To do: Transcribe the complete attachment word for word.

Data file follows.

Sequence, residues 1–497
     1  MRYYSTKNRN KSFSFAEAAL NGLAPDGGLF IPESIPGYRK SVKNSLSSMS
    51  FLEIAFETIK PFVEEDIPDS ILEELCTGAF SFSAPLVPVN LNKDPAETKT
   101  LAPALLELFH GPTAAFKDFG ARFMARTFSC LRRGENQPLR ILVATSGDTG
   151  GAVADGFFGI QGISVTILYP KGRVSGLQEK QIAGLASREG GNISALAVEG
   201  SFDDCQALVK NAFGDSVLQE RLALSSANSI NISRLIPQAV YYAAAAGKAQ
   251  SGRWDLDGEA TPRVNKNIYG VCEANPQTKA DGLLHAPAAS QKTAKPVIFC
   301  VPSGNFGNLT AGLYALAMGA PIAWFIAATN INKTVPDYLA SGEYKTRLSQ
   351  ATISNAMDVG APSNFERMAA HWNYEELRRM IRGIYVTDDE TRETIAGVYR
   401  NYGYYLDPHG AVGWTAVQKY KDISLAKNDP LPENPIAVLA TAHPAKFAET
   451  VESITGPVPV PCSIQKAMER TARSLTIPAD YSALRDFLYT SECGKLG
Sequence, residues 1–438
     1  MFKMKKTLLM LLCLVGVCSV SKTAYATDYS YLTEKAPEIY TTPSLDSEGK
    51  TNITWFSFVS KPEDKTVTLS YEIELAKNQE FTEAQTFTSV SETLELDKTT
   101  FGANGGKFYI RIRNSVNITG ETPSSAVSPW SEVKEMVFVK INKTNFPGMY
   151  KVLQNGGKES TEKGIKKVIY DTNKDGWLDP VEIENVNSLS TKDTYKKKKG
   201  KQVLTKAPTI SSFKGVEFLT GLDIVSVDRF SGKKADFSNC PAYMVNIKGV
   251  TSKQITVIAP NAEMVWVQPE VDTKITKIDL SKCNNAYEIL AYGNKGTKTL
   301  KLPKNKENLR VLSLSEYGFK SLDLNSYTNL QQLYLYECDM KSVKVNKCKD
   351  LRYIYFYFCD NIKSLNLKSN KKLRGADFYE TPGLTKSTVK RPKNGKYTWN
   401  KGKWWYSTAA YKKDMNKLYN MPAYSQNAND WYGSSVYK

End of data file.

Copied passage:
Sequence, residues 1–497
     1  MRYYSTKNRN KSFSFAEAAL NGLAPDGGLF IPESIPGYRK SVKNSLSSMS
    51  FLEIAFETIK PFVEEDIPDS ILEELCTGAF SFSAPLVPVN LNKDPAETKT
   101  LAPALLELFH GPTAAFKDFG ARFMARTFSC LRRGENQPLR ILVATSGDTG
   151  GAVADGFFGI QGISVTILYP KGRVSGLQEK QIAGLASREG GNISALAVEG
   201  SFDDCQALVK NAFGDSVLQE RLALSSANSI NISRLIPQAV YYAAAAGKAQ
   251  SGRWDLDGEA TPRVNKNIYG VCEANPQTKA DGLLHAPAAS QKTAKPVIFC
   301  VPSGNFGNLT AGLYALAMGA PIAWFIAATN INKTVPDYLA SGEYKTRLSQ
   351  ATISNAMDVG APSNFERMAA HWNYEELRRM IRGIYVTDDE TRETIAGVYR
   401  NYGYYLDPHG AVGWTAVQKY KDISLAKNDP LPENPIAVLA TAHPAKFAET
   451  VESITGPVPV PCSIQKAMER TARSLTIPAD YSALRDFLYT SECGKLG
Sequence, residues 1–438
     1  MFKMKKTLLM LLCLVGVCSV SKTAYATDYS YLTEKAPEIY TTPSLDSEGK
    51  TNITWFSFVS KPEDKTVTLS YEIELAKNQE FTEAQTFTSV SETLELDKTT
   101  FGANGGKFYI RIRNSVNITG ETPSSAVSPW SEVKEMVFVK INKTNFPGMY
   151  KVLQNGGKES TEKGIKKVIY DTNKDGWLDP VEIENVNSLS TKDTYKKKKG
   201  KQVLTKAPTI SSFKGVEFLT GLDIVSVDRF SGKKADFSNC PAYMVNIKGV
   251  TSKQITVIAP NAEMVWVQPE VDTKITKIDL SKCNNAYEIL AYGNKGTKTL
   301  KLPKNKENLR VLSLSEYGFK SLDLNSYTNL QQLYLYECDM KSVKVNKCKD
   351  LRYIYFYFCD NIKSLNLKSN KKLRGADFYE TPGLTKSTVK RPKNGKYTWN
   401  KGKWWYSTAA YKKDMNKLYN MPAYSQNAND WYGSSVYK